To my untrained eye and ear there seems to be a high degree of authenticity as far as the teachings, songs, traditions and superstitions of the people. I felt myself wondering what the reaction of the learned members of the Jewish community is concerning this play. It deals with lesbianism and transgender topics that I am sure are found in all societies and religions. Perhaps it is as Yentl’s father says early on, “Sometimes Heaven makes a mistake.”
Prude Alert: Adult themes of transgender and lesbianism as well as male and female frontal nudity could make this an uncomfortable evening for those not use to such displays. There is, however, no profanity of any kind (unless a Yiddish word slipped by me).
Shooting From The Lip (My Last Words): If you are willing to overlook the imperfections of dialect, the dramedy tug of war and the nudity (front row patrons beware), Yentl still makes for a fine evening of entertainment. The strength of the acting helps greatly in overcoming the weaknesses.
The cast of “Yentl” is made up of seventeen local and New York based actors and features guest artist Rebecca Gibel in the starring role. Other guest members of the cast include Bonnie Black, Samuel Cohen, Mitch Greenberg, Suzanne Grodner and Ben Mehl. Local actors appearing in this production will be Bob Abelman, Donald Carrier and Marc Moritz. Rounding out the cast are all seven members of the third-year graduate ensemble of the Case Western Reserve University/Cleveland Play House Master of Fine Arts Acting Program. These members include Therese Anderberg, Bernard Bygott, Drew Derek, TJ Gainley, Sarah Kinsey, Christa Meyers, and Stephen Michael Spencer.
Building Ensemble January 18, 2014
11:30 a.m. - 1:00 p.m.
Even when a play isn't set in a Polish shtetl it takes a village to bring it to life. Get on your feet with our CWRU/CPH MFA Graduate Acting Ensemble's students and leaders, and Yentl actors, to discover what it means for a "cast" to become an "ensemble," and how an ensemble becomes more than the sum of its parts. RSVP required InsideCPH@clevelandplayhouse.com.
January 19, 2014
4:30 p.m. - 5:00 p.m.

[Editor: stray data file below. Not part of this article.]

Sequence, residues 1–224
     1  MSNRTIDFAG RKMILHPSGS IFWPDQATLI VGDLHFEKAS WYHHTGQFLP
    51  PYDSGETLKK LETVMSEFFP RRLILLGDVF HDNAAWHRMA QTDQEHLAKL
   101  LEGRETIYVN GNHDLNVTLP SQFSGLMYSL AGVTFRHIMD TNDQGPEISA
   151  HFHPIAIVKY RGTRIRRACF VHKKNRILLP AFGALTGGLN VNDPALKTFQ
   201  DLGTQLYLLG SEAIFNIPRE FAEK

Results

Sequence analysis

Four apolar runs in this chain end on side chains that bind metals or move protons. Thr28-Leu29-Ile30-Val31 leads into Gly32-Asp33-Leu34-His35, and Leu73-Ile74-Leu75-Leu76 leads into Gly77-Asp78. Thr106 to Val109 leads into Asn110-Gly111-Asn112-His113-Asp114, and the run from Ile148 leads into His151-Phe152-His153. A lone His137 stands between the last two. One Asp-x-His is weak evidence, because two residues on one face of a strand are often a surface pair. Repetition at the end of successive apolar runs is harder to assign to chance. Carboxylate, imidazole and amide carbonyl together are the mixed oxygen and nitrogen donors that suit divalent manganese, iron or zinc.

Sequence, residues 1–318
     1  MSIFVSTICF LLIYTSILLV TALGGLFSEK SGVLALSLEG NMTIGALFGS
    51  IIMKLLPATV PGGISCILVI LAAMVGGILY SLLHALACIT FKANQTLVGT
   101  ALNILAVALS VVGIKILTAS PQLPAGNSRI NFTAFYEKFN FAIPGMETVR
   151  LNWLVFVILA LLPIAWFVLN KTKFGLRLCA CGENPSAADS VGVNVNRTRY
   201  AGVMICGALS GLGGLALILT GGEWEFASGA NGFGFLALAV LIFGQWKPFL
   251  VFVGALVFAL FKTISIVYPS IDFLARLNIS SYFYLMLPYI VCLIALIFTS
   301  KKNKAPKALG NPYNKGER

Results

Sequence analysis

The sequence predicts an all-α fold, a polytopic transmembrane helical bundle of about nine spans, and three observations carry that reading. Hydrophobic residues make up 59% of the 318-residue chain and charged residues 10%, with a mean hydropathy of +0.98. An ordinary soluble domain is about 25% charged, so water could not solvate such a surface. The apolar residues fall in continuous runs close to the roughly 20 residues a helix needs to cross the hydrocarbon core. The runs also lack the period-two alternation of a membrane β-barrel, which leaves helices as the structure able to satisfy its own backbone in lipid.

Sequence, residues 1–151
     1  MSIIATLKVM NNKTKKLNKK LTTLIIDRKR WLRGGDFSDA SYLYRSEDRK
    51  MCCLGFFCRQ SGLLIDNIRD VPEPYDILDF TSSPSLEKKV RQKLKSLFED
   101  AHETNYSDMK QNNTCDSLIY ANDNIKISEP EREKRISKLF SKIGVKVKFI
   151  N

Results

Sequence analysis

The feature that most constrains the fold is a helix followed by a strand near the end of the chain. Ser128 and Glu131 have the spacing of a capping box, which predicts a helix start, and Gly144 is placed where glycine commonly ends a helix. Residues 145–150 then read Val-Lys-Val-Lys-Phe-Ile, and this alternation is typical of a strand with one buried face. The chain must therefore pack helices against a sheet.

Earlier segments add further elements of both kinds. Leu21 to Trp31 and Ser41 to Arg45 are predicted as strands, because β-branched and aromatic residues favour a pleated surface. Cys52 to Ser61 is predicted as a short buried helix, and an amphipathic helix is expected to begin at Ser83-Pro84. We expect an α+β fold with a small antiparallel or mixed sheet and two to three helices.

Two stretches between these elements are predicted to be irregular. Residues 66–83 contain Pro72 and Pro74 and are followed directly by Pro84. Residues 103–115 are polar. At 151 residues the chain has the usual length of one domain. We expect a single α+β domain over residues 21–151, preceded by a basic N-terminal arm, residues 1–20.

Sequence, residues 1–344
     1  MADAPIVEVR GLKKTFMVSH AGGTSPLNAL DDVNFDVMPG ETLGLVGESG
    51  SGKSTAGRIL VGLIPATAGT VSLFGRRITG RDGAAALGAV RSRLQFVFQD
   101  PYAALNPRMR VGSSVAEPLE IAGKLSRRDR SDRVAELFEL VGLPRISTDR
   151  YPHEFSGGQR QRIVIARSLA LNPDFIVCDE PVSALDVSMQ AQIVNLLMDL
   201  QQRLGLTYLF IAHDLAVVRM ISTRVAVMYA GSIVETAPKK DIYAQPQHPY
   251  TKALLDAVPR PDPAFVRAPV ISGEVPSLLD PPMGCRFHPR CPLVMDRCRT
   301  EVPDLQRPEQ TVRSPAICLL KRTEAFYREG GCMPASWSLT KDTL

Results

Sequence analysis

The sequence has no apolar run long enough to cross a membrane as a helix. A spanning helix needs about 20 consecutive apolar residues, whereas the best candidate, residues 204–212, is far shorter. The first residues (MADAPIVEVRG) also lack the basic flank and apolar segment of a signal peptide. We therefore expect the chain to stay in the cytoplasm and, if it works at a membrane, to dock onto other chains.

January 21, 2014
9:00 p.m. - 9:30 p.m.
January 26, 2014
4:30 p.m. - 5:00 p.m.
Pre-show Conversations - Free for all ticketholders!
These fun and interactive 25-minute conversations happen right before the show in the Allen Theatre Complex. Pull back the curtain early and connect with the play in an engaging and relaxed setting, beginning 45 minutes before every performance of Yentl.
Yentl will take place through Febevruary 2, 2014 in the Allen Theatre at PlayhouseSquare. Tickets range in price from $45-$72 each. Students under the age of 25 with a valid ID will be offered a special $15 ticket price. Tickets are also just $25 for anyone under age 35, sponsored by Scene Magazine. To order single tickets please call 216-241-6000 or visit www.clevelandplayhouse.com. Groups of 10+ save up to 40% off single ticket prices; call 216-400-7027.
Founded in 1915, Cleveland Play House is America’s first professional regional theatre. Throughout its rich history, Cleveland Play House has remained dedicated to its mission to inspire, stimulate and entertain diverse audiences in Northeast Ohio by producing plays and theatre education programs of the highest professional standards. It has produced more than 100 world and/or American premieres, and over its long history more than 12 million people have attended over 1,300 CPH productions. Cleveland Play House looks toward its centennial while performing in three state-of-the art venues at PlayhouseSquare in downtown Cleveland.
The Ohio Arts Council helped fund Cleveland Play House with state tax dollars to encourage economic growth, educational excellence and cultural enrichment for all Ohioans. We also thank the residents of Cuyahoga County for supporting Cleveland Play House through Cuyahoga Arts & Culture.